Yeah, and we’ve done that to a limited degree - but there are quite a few people, with locked down windows boxes, and lack of support/interaction with domain admins/etc.

Being able to fully automated it, with known trusted certs, using the easy capabilities provided by LE would be ideal.

There’s also quite a few cases where the internal audience is large, even though the target system with the cert isn’t accessible to the public internet. In those cases, changing cert trust internally isn’t ideal.


#10

@RouL

Setting up an internal CA for that is no problem

If that would really be the case, the question would not have been brought up in the first place. In fact it’s a huge problem, especially for small or mid-range companies. Besides of typical problems arising by simple PKI operations (key storage, RA, etc.), the CA deployment is getting more complicated since BYOD and BYOB (bring your own browser) is more the rule than an exception. Especially smaller companies do not have a homogeneous IT infrastructure which allows simply deploying a CA certificate, which is then accepted in all browsers installed on the user’s device… Also in bigger companies it’s often allowed to use private mobile devices as smartphones and tables, which are not subject to companies configuration management systems…

@nneul I really like the idea of SRV RRs (or even TXT RRs) being validated instead of A records. Since the identity validation is never a “main intention” of owning the domain, the A RR is not the best choice anyway (but of cause the most usable one).


#11

Ok, I must confess, I didn’t took BYOD into account. That indeed can be a problem.
Anyways, I’m not against DNS based domain ownership verification, I indeed support it for other reasons. I only wanted to offer a possible solution. :blush:


#12

dns validation is now in the production servers and supported with several third party clients such as https://github.com/lukas2511/letsencrypt.sh and lego. Production server has a known bug though with certain DNS providers that is in process of being fixed upstream.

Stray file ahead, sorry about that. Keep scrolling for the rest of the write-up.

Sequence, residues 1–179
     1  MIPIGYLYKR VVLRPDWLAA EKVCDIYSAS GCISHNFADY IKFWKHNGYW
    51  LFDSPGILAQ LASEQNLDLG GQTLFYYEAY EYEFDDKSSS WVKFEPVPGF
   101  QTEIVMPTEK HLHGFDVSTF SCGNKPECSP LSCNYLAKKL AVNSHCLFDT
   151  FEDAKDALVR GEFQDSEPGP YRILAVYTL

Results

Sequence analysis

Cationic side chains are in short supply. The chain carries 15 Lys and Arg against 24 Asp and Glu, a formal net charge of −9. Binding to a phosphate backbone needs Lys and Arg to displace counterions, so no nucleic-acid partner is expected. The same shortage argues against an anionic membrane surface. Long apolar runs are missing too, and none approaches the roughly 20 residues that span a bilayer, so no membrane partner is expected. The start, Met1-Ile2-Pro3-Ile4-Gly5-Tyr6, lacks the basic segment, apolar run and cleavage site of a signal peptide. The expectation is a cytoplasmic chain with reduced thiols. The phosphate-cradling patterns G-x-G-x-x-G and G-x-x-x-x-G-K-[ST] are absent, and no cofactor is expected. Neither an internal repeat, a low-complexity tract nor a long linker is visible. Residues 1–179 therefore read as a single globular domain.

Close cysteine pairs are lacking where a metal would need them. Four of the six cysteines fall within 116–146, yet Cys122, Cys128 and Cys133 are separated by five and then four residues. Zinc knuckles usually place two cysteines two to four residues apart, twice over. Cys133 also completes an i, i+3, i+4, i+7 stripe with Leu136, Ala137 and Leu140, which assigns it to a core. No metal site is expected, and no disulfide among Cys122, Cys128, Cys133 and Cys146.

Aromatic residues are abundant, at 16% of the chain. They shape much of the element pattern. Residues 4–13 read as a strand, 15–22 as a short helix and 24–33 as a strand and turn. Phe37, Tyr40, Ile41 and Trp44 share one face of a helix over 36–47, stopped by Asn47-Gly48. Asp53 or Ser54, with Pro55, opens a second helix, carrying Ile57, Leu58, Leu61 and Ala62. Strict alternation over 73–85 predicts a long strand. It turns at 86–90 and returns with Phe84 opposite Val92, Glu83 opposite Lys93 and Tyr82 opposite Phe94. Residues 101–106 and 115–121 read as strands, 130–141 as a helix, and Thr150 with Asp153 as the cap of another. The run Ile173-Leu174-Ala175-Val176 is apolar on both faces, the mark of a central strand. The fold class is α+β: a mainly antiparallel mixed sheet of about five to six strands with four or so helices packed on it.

#13

My use case is a server behind NAT. I had successfully generated and installed a certificate for https://jimmy.macewan.nz.

Unfortunately I can’t test this from within my private IP network. After reading this thread I set up local.macewan.nz to resolve to 192.168.1.71 (certbot was at least explicit about not allowing IP addresses.)

I then tried to generate a new certificate using the SAN capability (by using what appears to be the otherwise undocumented mechanism of multiple -d example.com type domains) but CertBot repeatedly complained that local.macewan.nz did not resolve. It did, but it appears that resolving to a private IP is the same thing as not resolving. It would be nice if the error was a little more helpful, if this is the case.

So I changed the A RR for local.macewan.nz to point to the same public IP address as jimmy.macewan.nz.

certbot certonly --webroot --webroot-path /path/obfuscated -d jimmy.macewan.nz -d local.macewan.nz
That worked, and a certificate was generated.

I then changed local.macewan.nz’s A RR back to resolve to 192.168.1.71

And so now I can make uninterrupted access to jimmy locally using local.macewan.nz. Way too much effort, but I wanted to know it could be done.